Driving Distractions and the Connected Car

Mike Conlon from Metra Transit discussed the psychological reasoning behind distracted driving

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    NEWSLETTERS

    ASSOCIATED PRESS

    Texting while driving isn’t the only distraction for drivers on the road.

    Mike Conlon from Metra Transit discussed the psychological reasoning behind distracted driving at the Chicago Auto Show on Tuesday.

    Conlon said there are three main distractions that occur while driving.

    1. The Visual Distraction

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    The visual distraction is seeing around or outside of the car and not paying attention fully on the road directly in front. A manual distraction occurs when hands are taken off of the wheel to multitask such as grabbing a cellphone, eating or drinking. Cognitive distractions are anything that takes the mind away from the road.

    2. Conversations

    Conversations while driving, even with another person within the same vehicle, are also considered a risk. Conlon emphasized this when he described a scenario of driving through intense highway traffic and how, more often than not, a conversation will immediately stop so the driver has full attention to focus on the road.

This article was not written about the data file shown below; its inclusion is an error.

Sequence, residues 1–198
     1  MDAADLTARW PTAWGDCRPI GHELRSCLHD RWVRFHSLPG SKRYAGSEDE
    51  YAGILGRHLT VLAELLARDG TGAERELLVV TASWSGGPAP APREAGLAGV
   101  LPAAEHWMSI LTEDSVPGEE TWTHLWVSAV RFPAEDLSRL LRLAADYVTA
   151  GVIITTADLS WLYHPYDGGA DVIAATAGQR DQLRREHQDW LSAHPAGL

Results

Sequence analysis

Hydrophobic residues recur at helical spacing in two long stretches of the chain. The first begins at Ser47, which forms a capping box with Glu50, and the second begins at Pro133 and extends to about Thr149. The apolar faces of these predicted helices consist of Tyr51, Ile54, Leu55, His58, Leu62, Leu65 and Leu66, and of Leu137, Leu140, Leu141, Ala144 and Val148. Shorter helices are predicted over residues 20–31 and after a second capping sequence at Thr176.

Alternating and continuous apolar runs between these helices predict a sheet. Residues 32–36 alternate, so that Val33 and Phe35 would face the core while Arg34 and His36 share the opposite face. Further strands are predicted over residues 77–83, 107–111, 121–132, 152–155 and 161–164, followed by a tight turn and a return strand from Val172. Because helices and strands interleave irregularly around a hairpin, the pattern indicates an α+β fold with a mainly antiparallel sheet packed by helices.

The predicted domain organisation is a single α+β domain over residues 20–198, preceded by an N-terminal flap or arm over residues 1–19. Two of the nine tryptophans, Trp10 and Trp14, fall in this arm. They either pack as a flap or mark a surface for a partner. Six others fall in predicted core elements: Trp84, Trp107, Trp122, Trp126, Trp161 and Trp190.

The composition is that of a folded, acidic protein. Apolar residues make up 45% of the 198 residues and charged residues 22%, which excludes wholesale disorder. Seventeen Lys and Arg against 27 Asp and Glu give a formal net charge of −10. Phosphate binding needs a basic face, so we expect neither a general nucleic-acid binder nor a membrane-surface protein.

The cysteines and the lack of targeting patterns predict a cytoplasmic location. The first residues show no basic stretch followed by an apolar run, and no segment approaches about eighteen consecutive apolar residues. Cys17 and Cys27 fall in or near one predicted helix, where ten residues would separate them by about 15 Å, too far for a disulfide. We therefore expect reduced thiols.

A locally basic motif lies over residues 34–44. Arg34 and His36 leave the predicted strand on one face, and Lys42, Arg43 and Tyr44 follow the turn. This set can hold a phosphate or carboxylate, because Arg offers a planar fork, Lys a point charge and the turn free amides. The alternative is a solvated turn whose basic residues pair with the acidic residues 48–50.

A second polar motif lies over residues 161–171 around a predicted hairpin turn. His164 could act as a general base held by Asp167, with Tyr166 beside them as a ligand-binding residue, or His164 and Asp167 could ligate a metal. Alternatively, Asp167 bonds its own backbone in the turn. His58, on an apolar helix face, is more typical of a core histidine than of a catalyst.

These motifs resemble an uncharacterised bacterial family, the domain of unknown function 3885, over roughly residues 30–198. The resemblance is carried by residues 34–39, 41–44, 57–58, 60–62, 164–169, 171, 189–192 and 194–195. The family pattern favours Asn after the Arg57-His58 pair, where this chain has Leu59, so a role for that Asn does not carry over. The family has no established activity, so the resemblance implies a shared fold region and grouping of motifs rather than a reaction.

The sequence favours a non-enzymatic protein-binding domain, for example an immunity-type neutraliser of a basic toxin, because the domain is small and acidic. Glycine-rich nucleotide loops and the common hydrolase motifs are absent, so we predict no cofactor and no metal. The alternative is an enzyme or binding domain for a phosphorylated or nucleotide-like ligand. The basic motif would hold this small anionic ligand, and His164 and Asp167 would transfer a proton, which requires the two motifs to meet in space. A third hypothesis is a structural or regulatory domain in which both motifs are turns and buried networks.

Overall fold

3. Technology

    A connected car that has technology advances allowing a driver to have access to multiple functions adds to the concern of safety, Conlon said.

    The reason a driver will make the choice to participate in an activity that involves multitasking while operating a vehicle comes down to an expectation that the act will ultimately resulting in a positive outcome, Conlon said. But that isn't always the case.